Voter ID leads the Digest today. The Minnesota Senate takes up a bill requiring people to show photo identification in order to vote. Supporters of the measure say they hope Gov. Dayton will sign the bill. But they have back-up plans in case of a veto.
Rep. Mary Kiffmeyer, R-Big Lake, wants to amend the state's constitution to require people to present photo identification to vote.
Kiffmeyer's move comes one day after an amendment to define marriage as between a man and a woman was introduced in the Minnesota Senate.
Senate Republicans will tout today as "lawsuit reform" day at the State Capitol.
The House Public Safety Committee will feature gun rights legislation in committee. On Wednesday, lawmakers in that committee debates the police role in enforcing immigration laws.
All of these policy issues surface at a time when the state is facing a $5 billion budget deficit. GOP legislative leaders bragged about how fast they released and passed their respective budgets. Now they're defending how slow they're taking in getting them to Gov. Dayton.
The Star Tribune takes a look at the impact of the proposed cuts to the Department of Corrections.
A bill to curb the Met Council moves forward.
Tidbit: Gov. Dayton received praise for mingling with Pheasants Forever, The Minnesota Deer Hunters Association and other hunting and fishing groups. Several praised him for the job he was doing as governor. The so-called Hook and Bullet crowd usually aligns themselves more with Republicans.
President Obama released his full birth certificate on Wednesday. He released the document to put greater focus on the budget. He called criticism that he wasn't born in the United States "silliness." The release created even more media hysteria.
Apple CEO Steve Jobs says Apple executives will likely testify at DFL Sen. Al Franken's hearing on the IPhone.
Apple blamed the tracking software on a "bug." It said a software update will fix it.
CIA Director Leon Panetta was hired to be Secretary of Defense.
General David Petreaus was hired to be CIA director.
Race for U.S. Senate
The PoliGraph says DFL Sen. Amy Klobuchar got a claim about renewable energy wrong.
Race for President
Tim Pawlenty and Michele Bachmann will be in New Hampshire this weekend.
Pawlenty campaigned in Illinois on Wednesday.
On Wednesday, Pawlenty criticized Donald Trump for making an accusation without having the proof to back it up.
Trump was in New Hampshire on Thursday. He got fact-checked and it ain't pretty.
Tidbit: A new website, designed by political consultant Ben Golnik, aims to capture Minnesota's political traffic.
Tweet of the Day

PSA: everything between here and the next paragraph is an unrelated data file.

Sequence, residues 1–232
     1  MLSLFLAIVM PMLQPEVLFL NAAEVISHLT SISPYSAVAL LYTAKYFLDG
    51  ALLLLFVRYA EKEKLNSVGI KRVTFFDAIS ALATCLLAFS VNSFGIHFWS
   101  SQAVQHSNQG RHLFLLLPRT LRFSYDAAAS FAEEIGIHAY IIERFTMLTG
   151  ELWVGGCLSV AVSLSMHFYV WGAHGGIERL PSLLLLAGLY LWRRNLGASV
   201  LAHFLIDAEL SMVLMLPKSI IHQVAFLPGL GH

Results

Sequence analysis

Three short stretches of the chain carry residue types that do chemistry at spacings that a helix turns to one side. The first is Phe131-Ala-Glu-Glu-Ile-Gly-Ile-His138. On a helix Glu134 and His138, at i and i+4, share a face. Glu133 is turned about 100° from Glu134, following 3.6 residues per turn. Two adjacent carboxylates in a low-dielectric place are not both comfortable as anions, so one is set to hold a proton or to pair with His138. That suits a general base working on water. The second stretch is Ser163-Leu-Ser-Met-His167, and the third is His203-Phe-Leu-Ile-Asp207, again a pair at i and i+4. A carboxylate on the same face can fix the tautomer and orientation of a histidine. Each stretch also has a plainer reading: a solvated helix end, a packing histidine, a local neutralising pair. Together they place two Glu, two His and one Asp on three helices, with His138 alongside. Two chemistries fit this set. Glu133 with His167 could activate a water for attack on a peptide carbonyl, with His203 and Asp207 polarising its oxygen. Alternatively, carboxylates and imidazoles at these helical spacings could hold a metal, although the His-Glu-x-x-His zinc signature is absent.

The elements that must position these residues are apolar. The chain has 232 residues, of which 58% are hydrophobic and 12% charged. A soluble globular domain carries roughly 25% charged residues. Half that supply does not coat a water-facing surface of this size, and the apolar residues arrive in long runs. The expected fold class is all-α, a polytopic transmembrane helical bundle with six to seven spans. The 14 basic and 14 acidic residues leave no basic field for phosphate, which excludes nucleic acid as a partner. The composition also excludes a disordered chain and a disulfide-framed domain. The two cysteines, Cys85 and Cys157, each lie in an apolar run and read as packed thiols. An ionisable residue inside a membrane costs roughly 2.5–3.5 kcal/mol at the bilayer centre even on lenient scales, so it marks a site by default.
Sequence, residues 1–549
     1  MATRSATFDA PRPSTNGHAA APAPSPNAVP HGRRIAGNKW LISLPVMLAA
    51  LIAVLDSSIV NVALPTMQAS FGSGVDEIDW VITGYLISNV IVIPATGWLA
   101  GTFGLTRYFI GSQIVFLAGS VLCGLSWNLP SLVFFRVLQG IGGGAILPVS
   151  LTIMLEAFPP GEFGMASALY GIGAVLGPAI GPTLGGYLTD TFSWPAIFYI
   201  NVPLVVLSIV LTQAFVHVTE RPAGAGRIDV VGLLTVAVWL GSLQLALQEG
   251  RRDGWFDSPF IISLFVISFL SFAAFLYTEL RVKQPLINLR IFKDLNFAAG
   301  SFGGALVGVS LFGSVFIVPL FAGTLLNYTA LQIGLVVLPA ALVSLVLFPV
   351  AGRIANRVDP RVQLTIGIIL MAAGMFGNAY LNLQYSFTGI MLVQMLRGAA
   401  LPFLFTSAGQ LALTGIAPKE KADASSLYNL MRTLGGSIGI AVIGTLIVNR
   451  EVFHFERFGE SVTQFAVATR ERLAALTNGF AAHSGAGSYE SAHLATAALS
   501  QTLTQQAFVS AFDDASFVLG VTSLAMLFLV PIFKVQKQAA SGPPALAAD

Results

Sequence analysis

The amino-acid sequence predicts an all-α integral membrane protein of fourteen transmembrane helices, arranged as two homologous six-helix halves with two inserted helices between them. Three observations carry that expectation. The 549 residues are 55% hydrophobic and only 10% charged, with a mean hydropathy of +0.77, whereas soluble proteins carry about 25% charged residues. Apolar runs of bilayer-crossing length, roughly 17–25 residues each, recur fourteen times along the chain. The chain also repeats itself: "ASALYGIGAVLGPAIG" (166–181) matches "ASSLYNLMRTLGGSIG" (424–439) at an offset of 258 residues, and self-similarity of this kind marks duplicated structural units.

"Donald Trump is a waste of oxygen. Tell this clown 2 get hair plugs. Maybe it will keep what little brains he has left inside his skull."
- Rep. Pat Garofalo, R-Farmington, not holding back his feelings about Trump and the constant media coverage he's getting.
Republicans in the Minnesota Senate have passed legislation requiring voters to show photo identification at the polls on election day.
The bill, which comes with about a $5 million price tag, passed today on a party line vote of 37 to 26. Under the legislation, any voter currently without identification could get one for free, if they present other documents. Sen. Warren Limmer, R-Maple Grove, said the measure will help modernize the state's voting system. Limmer also said it would bring integrity back to that system.
"The public deserves to have confidence in the integrity of our election system," Limmer said. "And nothing inspires confidence like a well-ordered system that's secure and safe for the voter, and photo identification would certainly accomplish that."
Democrats argued the requirement would prevent many elderly and poor from voting. They say the bill is also an unnecessary cost at a time when the state budget has a $5 billion deficit. Sen. John Harrington, DFL-St. Paul, the only African American in the state Senate, said he thinks many people of color would be disenfranchised.
"To say that that's not a poll tax I think is disingenuous," Harrington said. "My read of what a poll tax was historically was that it's a pre-condition for the right to vote. Whether it's de facto or implicit, it's still a pre-condition. And that's what this photo ID does is it creates a pre-condition to the right to vote."
Gov. Mark Dayton has also raised concerns about the need for a voter ID bill, but he regularly stops short of threatening a veto. A veto would slow, but not end the photo ID effort. Republican supporters have already introduced legislation to put the issue on the statewide ballot in 2012 as a proposed constitutional amendment. That process bypasses the governor and gives voters the power to approve the requirement.
Posted at 4:39 PM on April 28, 2011
by Tom Scheck
The Senate Transportation Committee approved a Capitol Security bill today that would create a panel that would advise the governor and Capitol Security on ways to improve security at the State Capitol.
The only problem is that those tasked to come up with protecting the people's house won't be meeting in public. The bill doesn't require the panel to adhere to the state's open meeting laws. That means the elected officials, law enforcement personnel, the Minnesota Supreme Court Chief Justice and commissioners of several state agencies can discuss Capitol Security matters in complete privacy.
"I have not seen a commission like this, where they're totally exempt, from open meeting laws in all of my years here," privacy and open government advocate Rich Neumeister said. He said it's unheard of that the public won't be able to give any input into the security of the State Capitol. "For ten years, we're going to have a group talking about the people's house and our accessibility to the people's house, in secret."
The bill now moves to the State Government Innovation and Veterans Budget and Policy Committee.